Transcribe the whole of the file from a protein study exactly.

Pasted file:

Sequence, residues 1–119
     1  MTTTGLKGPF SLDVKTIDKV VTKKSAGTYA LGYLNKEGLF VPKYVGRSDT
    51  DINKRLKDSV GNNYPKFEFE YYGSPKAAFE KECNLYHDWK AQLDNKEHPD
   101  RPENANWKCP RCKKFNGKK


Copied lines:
Sequence, residues 1–119
     1  MTTTGLKGPF SLDVKTIDKV VTKKSAGTYA LGYLNKEGLF VPKYVGRSDT
    51  DINKRLKDSV GNNYPKFEFE YYGSPKAAFE KECNLYHDWK AQLDNKEHPD
   101  RPENANWKCP RCKKFNGKK